On June 12, British Prime Minister Theresa May defeated a rebellion in the British Parliament over her Brexit plans. This was only possible after having to compromise and hand lawmakers more control over Britain's departure from the European Union. This means that lawmakers will have more rights in making changes in a 'future meaningful vote' with regard to the final agreement.
This connotes that May's decision with regard to Brexit continues. However this means that there will probably now be a softer approach towards the divorce. Brexit campaigners have responded to this latest development with some anxiety. They think that the concession may open the door to the EU trying to force Britain into retaining the closest possible ties with the bloc by weakening the government's hands in the on-going talks. The British Pound has traded higher against the Euro and the US Dollar after this vote.
Andrew Duff, an eminent European analyst has taken the opportunity to point out some vital aspects of Brexit that are largely not receiving the required attention before the next critical meeting of the European Council on 28-29 June this month.
The Brexit process appears to have fallen into "a vicious circle". This paradigm includes the difficult issues of Ireland and customs which cannot be resolved unless there is clarity about the nature of the UK's final relationship with the EU. Lack of clarity on those two issues is indirectly also impairing the capacity of the European Council to work out the long-term implications. In fact, the heads of government of some European countries are still waiting from London a proposal that is detailed and substantive.
It is true that Theresa May has outlined her wish to achieve a "deep and special partnership" with the European Union after the UK ceases to be a member state. However several questions still remain unresolved with regard to some red lines related to trade and questions of governance.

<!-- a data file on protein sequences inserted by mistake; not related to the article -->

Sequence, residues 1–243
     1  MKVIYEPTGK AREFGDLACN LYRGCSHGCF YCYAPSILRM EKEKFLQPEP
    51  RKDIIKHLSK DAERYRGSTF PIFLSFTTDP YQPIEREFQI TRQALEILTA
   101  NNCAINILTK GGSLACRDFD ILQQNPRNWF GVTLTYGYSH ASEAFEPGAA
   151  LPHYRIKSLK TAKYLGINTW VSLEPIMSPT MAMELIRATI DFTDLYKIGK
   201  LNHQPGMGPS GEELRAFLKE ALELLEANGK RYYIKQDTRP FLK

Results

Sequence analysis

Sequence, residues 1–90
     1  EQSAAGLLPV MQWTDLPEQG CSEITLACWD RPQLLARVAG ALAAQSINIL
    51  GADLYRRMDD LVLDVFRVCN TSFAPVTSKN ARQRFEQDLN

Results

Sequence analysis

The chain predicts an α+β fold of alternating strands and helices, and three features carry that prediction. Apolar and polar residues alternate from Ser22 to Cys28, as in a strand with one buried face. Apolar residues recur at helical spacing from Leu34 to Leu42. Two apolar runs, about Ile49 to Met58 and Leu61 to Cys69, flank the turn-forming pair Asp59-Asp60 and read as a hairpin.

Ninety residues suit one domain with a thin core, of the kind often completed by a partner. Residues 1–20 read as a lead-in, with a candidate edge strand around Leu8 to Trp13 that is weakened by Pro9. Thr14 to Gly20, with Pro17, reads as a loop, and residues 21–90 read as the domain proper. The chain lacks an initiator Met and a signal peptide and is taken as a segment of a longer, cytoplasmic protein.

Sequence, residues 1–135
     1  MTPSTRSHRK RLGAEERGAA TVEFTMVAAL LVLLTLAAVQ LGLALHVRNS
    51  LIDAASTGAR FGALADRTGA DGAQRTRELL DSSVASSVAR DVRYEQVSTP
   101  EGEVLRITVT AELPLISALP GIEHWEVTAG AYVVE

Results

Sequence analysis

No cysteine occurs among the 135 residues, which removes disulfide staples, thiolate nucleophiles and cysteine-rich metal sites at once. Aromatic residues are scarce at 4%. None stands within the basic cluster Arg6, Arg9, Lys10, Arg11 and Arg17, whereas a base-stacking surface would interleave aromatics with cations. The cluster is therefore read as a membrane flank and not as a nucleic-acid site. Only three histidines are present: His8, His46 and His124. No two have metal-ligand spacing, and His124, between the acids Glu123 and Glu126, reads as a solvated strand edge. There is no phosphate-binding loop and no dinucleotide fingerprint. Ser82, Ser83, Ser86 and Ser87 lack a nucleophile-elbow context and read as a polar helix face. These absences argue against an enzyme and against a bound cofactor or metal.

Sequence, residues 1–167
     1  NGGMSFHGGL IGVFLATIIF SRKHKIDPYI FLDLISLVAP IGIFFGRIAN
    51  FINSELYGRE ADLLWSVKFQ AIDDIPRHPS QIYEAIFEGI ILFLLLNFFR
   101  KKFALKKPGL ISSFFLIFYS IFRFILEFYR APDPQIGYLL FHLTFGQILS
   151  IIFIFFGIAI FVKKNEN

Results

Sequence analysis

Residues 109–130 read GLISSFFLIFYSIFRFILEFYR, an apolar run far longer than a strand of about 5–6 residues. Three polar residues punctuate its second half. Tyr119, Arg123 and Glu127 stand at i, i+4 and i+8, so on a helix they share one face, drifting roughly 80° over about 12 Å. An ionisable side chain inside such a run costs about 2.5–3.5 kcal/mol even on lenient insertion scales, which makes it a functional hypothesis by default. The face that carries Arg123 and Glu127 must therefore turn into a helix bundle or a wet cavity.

Under the terms of Article 50(2) the Withdrawal Agreement must take account of the framework for the future relationship between Britain and the UK. The framework will be inscribed in a formal Political Declaration, the drafting of which cannot be put off much longer. The European Council is hoping to finalize the document at its meeting on 18-19 October.
It needs to be noted that the Political Declaration will have legal effect. It is meant to bind the 27 leaders directly, and will constitute the basis of the mandate eventually to be given by the Council to the Commission to open negotiations with the UK on the final relationship. This document will need to be detailed and also be able to take care of contentious trade issues. The importance of the Political Declaration lies in the fact that it will be binding not only for the current UK government and parliament but also for their successors.
There is also anxiety in EU with regard to the UK efforts pertaining to suitable amendment of the EU Withdrawal Bill which is now under consideration in the British Parliament. MPs and peers over there appear to be in disagreement over defining a coherent prospectus for Britain's future as a European country.
Strategic dimensions demand that those involved should give emphasis on certain factors. The British version of the Political Declaration could start by coming to an agreement on Britain's problematical relations with its neighbours in mainland Europe and the challenge of future relations with regard to Ireland. Britain has to remember that Brexit should not efface the memory of the shared experience of integration, pooled sovereignty, common institutions and citizenship.